Yes, yes, I know this is supposed to be a “community cycling” blog, but I’m a mountainbiker at heart and wanted to share some photos from the weekend. The riding was so good and my camera seemed to be operating on auto-pilot all day.
The wind was howling, the surf was booming and every motorised contraption in West Auckland was thundering up and down the northern end of the beach. Being classed as a national highway they’re perfectly entitled to, but wheelying your motocross bike at 120kph is probably frowned upon in law enforcement circles.
There didn’t appear to be a whole lot of law enforcement going on; dirt bikes, mini bikes, quad bikes and off-roaders of every size and shape were going balls-out in all directions. It was all great fun, if a little scary riding a bicycle in the midst of a petrol-head circus maximus.
Oh, fat-bikes? I’ll explain those in another post. But it goes without saying they’re right at home on the beach.
I drove out to Woodhill Forest this morning after dropping my son at rowing training.
At 6.00am in the morning you’re in that no-man’s-land of “it’s still the middle of the friggin night” but “it’s too late to go back to bed”.
Even after stopping at Kumeu for a coffee and sticky bun I was the first one to arrive at the mountainbike park, I’m never the first at anything!
So early in fact, it was too dark to ride. So I assembled my mojo, got the fat-bike ready to roll and reached for the camera.
I tell ya, getting out in the fresh-air on a mountainbike is one of the best experiences you can have.
Not as good as sex. Not as good as salt & pepper prawns from Chinatown washed down with cold beer. But it’s up there, it’s really up there.
If you’ve been a regular visitor to this blog you may have seen my big purple mountainbike pop-up from time to time. With it’s chunky 3.7 inch tyres (on 65mm rims) it tends to stand-out in a crowd, and with me being 6′ 5″ it’s a huge bike by any measure.
Seven years ago when I put my Pugsley together the category didn’t even have a name, we called them snow-bikes, sand-bikes or adventure bikes. As the genre grew and more manufacturers got onboard “fat-bike” became the standard description. You can’t really argue with that handle, they might not be as heavy as they look, but they certainly are fat, and getting fatter year by year.
I’m going to do a proper post on fat-bikes another time and share why they’re so addictive and so much fun. For now let’s just say most of the allure is in those words above; snow, sand & adventure.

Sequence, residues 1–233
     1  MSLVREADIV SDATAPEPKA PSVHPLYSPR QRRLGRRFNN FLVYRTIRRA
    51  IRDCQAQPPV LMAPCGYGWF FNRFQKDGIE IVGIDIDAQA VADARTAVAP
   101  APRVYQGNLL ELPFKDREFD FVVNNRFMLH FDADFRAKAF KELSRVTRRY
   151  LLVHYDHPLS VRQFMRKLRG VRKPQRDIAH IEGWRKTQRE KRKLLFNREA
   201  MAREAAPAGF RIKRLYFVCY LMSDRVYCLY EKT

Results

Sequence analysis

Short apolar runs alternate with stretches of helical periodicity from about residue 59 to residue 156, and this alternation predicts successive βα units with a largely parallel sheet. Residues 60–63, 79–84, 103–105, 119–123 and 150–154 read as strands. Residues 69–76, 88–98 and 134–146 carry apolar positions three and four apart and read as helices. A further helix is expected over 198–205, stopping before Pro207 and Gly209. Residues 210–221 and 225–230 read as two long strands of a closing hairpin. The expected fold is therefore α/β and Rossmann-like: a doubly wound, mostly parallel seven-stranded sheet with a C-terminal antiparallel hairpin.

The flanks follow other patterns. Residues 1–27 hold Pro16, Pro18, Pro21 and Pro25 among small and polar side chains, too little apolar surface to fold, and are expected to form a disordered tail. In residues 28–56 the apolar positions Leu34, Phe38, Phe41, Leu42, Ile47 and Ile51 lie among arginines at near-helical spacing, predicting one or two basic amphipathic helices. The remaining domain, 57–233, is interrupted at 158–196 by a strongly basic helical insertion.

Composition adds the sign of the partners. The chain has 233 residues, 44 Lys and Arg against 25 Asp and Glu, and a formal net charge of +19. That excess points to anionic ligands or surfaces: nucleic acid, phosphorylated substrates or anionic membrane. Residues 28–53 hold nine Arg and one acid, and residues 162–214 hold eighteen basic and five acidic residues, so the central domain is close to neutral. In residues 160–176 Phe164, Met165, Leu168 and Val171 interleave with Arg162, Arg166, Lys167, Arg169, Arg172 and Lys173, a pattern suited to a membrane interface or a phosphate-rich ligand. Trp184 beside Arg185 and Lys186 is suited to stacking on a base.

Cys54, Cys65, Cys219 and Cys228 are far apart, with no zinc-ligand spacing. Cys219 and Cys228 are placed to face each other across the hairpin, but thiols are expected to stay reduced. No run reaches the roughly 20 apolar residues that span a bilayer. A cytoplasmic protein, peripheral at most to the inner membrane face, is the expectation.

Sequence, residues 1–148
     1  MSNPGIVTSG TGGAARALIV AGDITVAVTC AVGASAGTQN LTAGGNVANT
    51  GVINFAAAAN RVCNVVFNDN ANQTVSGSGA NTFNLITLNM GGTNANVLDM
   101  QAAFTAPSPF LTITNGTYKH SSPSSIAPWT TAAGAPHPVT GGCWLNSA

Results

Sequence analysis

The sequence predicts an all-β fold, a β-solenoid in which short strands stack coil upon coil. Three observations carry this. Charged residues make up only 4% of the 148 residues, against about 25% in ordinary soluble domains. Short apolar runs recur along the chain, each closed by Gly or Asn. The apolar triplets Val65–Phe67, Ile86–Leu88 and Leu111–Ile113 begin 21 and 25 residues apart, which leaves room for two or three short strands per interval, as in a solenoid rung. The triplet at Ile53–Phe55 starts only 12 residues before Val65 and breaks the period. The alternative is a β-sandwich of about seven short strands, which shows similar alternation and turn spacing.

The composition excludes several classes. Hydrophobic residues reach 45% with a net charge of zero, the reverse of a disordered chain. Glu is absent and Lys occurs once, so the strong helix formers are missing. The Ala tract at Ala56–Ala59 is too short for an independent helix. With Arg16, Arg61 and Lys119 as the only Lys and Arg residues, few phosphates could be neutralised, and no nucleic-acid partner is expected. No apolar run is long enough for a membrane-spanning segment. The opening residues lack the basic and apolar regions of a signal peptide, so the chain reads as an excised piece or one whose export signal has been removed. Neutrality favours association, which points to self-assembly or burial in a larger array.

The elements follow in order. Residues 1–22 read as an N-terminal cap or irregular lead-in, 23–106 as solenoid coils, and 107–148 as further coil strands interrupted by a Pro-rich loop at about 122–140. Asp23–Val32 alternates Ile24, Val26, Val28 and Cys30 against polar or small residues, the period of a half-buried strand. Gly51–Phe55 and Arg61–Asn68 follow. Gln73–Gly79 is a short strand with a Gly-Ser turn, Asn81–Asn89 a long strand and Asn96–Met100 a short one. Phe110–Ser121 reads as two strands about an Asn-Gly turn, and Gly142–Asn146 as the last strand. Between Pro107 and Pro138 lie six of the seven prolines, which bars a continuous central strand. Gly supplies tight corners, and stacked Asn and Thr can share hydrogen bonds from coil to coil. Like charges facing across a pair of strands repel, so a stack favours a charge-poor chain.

I’ve had such a blast on my purple fatty it amazes me they haven’t taken-off down-under, we are surrounded by beaches and mountains after all. In the USA and Canada, and to some extent Northern Europe the bikes are starting to sell in numbers. That has piqued the interest of the big boys and fat-bikes are no longer the domain of boutique brands and custom frame-builders.
So after four paragraphs of waffle I’m finally getting to the point. If you want to see the latest in next-generation fat-bikes, the ones with even fatter tyres on even fatter rims, get down to Echelon Cyclery in Barrys Point Rd. Echelon are a Specialized dealer, and Specialized are very big bike company indeed.
This is their first entry in the fat-bike market and they’re not mucking around. My Surly Pugsley looked decidedly wimpy propped-up next to it, almost track-bike thin. The FatBoy’s swoopy alloy frame and carbon fibre fork looked great but like most fat-bikes it’s the wheels that grab your attention. Rather than speccing established rims and tyres (some manufactured by competitors), Specialized have developed their own. Usually that would concern me, but the Big S have a long history of tyre development and these chunky 4.6 inch variants of their Ground Control design look the business.
The 90mm single-wall rims are very striking, a filigreed work of art. With a fat-bike you are only running between 6 and 15psi so to save weight you can cut holes between the spokes and the rim-strip only bulges out a few millimeters.
If you’re in anyway interested in these amazing machines get down to Echelon pronto and check it out. There are only four in the country, it won’t be there for long.
Tell them Bike Friendly North Shore sent you. Better yet, why not buy the thing? Then I’ll have some company riding on the beach!
As previously reviewed in Great Rides the grandly named Royal Albany Trail is a legitimate mountainbiking destination right here on the North Shore. Tucked in a pocket of manuka just behind the Massey campus, a lot of fun can be had in a small area thanks to some clever trail building by volunteers. If you sniff-out every track there’s over 20km of riding, enough to keep dirt-junkies busy for a couple of hours or more.
There’s lots of information over on the RAT website, where to park, where to get in, trail-map etc.
Starting at the top of Bush Rd I threw my bike over the gate, clambered across the stile provided and spun my way up the 4WD access road. There’s good views of the university to your right and once a subsequent gate is conquered you find yourself at the corner of the forest with the trails in plain sight. Knowing no better I entered here, but after researching this post and finding the official map I now realise the trailhead is a little further down the road.